More than a century ago, Alois Alzheimer, a Bavarian physician, first identified the neurodegenerative brain condition that came to be known as Alzheimer's disease. Finding ways to diagnose and treat this disease has frustrated scientists and clinicians ever since.
Now the long and hard-fought campaign against Alzheimer's has reached a potentially significant milestone: the launch of the first clinical trials to test whether giving new drug treatments before dementia can prevent Alzheimer's.
Brent Whitney, 34, who has an inherited form of Alzheimer's but does not yet have symptoms of the disease, hopes to participate in the study. The lives of his grandmother and 10 of her 13 siblings were cut short by the Alzheimer's gene mutation, and the mutation continues to affect succeeding generations of the family.
"The start of this trial is a very exciting moment in Alzheimer's disease research, and it gives me renewed hope for a future without Alzheimer's," Whitney said. "I hope my grandchildren someday learn of this condition in history books, like I learned about polio."
The trial is testing two new drug treatments and is led by principal investigator Randall Bateman, MD, the Charles F. and Joanne Knight Distinguished Professor in Neurology at Washington University School of Medicine in St. Louis and director of the Dominantly Inherited Alzheimer Network Trials Unit (DIAN-TU).
"We believe that the diverse portfolio of drugs and approaches of the DIAN-TU trial will accelerate the discovery of an effective treatment for Alzheimer's," Bateman said. "This trial is possible because of the outstanding support of multiple stakeholders, including patients and family members, pharma partners, the Alzheimer's Association, the National Institutes of Health, academic researchers and highly dedicated trial operations groups."
The new trial is funded by a unique mix of private and public resources, including:
John C. Morris, MD, is director of the Charles F. and Joanne Knight Alzheimer's Disease Research Center and principal investigator of the Dominantly Inherited Alzheimer Network, which laid much of the scientific groundwork that made a DIAN-TU trial of preventive treatments possible.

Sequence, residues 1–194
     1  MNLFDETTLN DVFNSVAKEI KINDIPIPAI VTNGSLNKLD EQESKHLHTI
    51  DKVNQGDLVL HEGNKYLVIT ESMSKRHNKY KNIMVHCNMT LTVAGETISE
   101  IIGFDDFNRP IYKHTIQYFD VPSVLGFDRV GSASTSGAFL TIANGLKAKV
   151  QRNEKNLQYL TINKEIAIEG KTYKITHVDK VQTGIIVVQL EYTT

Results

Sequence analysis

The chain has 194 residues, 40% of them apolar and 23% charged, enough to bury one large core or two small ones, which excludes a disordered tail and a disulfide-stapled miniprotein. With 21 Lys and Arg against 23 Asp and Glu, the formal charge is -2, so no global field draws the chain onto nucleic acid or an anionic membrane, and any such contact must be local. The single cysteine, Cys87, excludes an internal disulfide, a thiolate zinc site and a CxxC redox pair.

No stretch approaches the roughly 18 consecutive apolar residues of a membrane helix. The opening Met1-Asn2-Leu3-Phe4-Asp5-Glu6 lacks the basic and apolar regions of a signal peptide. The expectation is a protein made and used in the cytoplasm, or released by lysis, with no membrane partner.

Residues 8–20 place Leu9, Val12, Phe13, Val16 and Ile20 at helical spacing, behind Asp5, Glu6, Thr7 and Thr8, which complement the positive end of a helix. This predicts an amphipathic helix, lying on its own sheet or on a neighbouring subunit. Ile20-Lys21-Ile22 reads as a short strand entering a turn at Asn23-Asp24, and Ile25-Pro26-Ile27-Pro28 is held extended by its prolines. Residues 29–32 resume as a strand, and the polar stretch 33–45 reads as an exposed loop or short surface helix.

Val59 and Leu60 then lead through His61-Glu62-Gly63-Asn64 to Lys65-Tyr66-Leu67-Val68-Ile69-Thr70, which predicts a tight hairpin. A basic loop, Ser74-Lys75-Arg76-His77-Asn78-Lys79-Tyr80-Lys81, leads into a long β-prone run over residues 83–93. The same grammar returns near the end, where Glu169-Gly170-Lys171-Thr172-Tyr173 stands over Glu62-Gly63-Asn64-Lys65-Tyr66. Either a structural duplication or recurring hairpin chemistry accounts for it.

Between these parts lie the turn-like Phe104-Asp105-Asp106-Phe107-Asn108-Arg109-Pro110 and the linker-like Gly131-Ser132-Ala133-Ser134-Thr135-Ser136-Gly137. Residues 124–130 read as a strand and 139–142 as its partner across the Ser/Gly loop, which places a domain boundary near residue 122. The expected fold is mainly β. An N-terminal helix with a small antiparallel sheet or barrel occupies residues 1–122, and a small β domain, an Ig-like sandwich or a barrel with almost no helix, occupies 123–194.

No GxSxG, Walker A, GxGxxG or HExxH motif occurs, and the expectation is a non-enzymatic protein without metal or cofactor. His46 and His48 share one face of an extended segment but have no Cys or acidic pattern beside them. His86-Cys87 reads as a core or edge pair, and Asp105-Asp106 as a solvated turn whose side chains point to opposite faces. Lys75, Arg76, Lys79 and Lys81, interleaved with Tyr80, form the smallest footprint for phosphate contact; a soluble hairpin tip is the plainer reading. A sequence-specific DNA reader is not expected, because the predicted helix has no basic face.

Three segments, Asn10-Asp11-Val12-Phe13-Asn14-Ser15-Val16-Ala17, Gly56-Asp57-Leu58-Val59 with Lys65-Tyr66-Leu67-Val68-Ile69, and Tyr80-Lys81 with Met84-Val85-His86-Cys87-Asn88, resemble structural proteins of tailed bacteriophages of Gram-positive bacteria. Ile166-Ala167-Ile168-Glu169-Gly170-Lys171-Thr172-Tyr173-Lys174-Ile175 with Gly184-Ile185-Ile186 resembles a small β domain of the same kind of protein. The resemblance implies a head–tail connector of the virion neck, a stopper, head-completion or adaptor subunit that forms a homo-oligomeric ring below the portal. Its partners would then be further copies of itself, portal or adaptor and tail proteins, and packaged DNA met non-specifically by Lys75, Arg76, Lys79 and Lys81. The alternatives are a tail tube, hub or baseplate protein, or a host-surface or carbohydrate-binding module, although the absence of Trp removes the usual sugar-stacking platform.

"Trying to prevent Alzheimer's symptoms from occurring is a new strategy, but much of what we've learned in recent years about Alzheimer's and the brain has suggested that prevention has a significantly better chance of succeeding than treatment after cognitive impairment," said Morris, the Harvey A. and Dorismae Hacker Friedman Distinguished Professor of Neurology. "We are most appreciative of the support we have received to test this new approach."
For more information on the trial, see http://www.DIANXR.org.
One of the treatments under study in the new trial is gantenerumab, an antibody made by Roche that binds to all forms of aggregated amyloid beta and helps remove them from the brain.
Another treatment that will be evaluated is a monoclonal antibody known as solanezumab that binds to soluble monomeric forms of amyloid-beta after they are produced, allowing them to be cleared before they clump together to form beta-amyloid plaques.
David M. Holtzman, MD, the Andrew B. and Gretchen P. Jones Professor and head of neurology, is listed on the patent related to the antibody that is co-owned by Washington University in St. Louis and Lilly. Washington University has licensed its patent rights to Lilly. The financial interests of the university and Holtzman in this patent are managed in accordance with applicable conflict-of-interest policies and regulations.
|Contact: Michael C. Purdy|
Washington University School of Medicine